The introduction of a residence test could 'destroy' civil legal aid, lawyers have warned following a vote by MPs in support of the measure.
Labour, which opposes the plan to restrict the availability of legal civil legal aid to those who pass a 12-month residence test, forced a deferred division on the measure yesterday. The government's proposals passed by 273 votes in favour to 203 against.
Conservative MP David Davis (pictured) rebelled, as did Liberal Democrats Andrew George, John Leech and Sarah Teather.
The proposals were criticised in a report from the joint committee on human rights last month, which said they will lead to breaches of the United Nations Convention on the Rights of the Child.
The plans are also the subject of a judicial review challenge brought by the Public Law Project in which judgment is expected next week.
A briefing from London civil liberties firm Bindmans said the 'discriminatory' and 'unjustified' test, which the government has sought to introduce through delegated legislation, creates a 'mockery' of the fundamental concept of equality before the law.
It said the test fundamentally changes the provision of legal aid in a way not expected by parliament when it debated the Legal Aid, Sentencing and Punishment of Offenders Act 2012 and is 'misuse' of delegated legislation-making powers.
Director of the Legal Aid Practitioners Group Carol Storer said the change could 'destroy civil legal aid'.
She said that while the government's aim is to stop foreigners receiving legal aid, in reality it will prevent most eligible people from getting aid because they will either not have the evidence to prove residency or will not be able to gather it.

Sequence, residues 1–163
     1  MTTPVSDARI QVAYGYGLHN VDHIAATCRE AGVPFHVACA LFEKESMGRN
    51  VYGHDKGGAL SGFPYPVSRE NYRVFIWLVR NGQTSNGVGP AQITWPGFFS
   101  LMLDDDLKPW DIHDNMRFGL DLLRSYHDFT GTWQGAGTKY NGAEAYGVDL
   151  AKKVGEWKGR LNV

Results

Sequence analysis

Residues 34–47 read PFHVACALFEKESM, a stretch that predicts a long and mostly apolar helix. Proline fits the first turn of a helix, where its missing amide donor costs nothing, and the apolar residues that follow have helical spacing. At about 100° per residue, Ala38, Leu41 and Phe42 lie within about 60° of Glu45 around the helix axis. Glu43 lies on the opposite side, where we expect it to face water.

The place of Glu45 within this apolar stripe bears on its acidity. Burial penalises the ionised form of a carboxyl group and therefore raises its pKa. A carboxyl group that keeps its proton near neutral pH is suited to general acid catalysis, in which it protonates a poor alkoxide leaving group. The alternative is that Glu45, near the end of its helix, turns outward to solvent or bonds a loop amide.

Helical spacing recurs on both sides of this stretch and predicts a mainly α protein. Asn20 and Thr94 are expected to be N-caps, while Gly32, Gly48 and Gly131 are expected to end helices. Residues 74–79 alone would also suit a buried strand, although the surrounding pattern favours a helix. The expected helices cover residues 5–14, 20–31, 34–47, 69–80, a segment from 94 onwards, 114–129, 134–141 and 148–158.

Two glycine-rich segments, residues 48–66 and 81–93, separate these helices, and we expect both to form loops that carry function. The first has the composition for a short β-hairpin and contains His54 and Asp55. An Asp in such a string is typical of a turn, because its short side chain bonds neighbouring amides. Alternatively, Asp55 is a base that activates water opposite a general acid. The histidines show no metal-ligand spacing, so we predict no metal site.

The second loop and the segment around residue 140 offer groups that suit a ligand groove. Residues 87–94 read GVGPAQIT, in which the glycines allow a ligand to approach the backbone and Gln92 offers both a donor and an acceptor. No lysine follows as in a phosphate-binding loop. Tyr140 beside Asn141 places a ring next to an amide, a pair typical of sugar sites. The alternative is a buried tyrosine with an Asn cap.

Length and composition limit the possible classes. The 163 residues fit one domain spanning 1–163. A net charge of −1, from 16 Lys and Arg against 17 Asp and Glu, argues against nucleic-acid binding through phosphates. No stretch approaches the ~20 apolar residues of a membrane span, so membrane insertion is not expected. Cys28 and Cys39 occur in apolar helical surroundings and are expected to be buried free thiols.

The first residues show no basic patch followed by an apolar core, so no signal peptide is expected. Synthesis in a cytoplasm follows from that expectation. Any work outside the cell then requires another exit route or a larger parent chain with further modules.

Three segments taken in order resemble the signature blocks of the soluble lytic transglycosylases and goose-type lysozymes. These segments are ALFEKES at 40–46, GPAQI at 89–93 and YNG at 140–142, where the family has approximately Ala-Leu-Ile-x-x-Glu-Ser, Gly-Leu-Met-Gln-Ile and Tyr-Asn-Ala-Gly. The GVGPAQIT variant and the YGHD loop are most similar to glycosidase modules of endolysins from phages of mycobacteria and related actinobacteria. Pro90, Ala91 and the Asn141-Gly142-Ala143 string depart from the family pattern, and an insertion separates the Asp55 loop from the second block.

In particular she said, it will deny legal aid to vulnerable children, including those with special educational needs, mentally incapacitated people, those recently evicted or suffering a housing crisis, and women and children fleeing domestic violence, as well as recent migrants.
Law Society vice-president Andrew Caplen said the Society has consistently opposed the 'unnecessary and discriminatory' test. Despite some exemptions conceded by the government, he aid the Society agreed with the joint committee on human rights that the test will put the UK in breach of its international obligations.
Caplen said: 'The test places a huge administrative burden on legal aid practitioners who will have to apply the test to all clients including British nationals.
'We have serious concerns that many of the most vulnerable clients will not be able to provide the necessary documentation to satisfy the test and will be denied legal aid to which they should be entitled.'
In a parliamentary debate on the issue last week justice minister Shailesh Vara admitted that the government had 'no precise figures' to show any savings would be made from the amendment.
Justifying the move, Vara said it is 'unfair' to British taxpayers that legal aid is currently available to those here on a visa as tourists or those who are in the country illegally.
He said the test is underpinned by a 'clear and commonsense' principle that individuals should have a strong connection to the UK in order to benefit from taxpayer-funded public services.
Vara told the house he disagreed with the joint committee's view that it will violate international law, asserting that the provisions comply with international obligations.
Labour's justice spokesman in the upper house, Lord Beecham has tabled a 'regret motion' on the measure, which peers will vote on in two weeks time.
Whatever the outcome, it is likely that the measure will be introduced in August.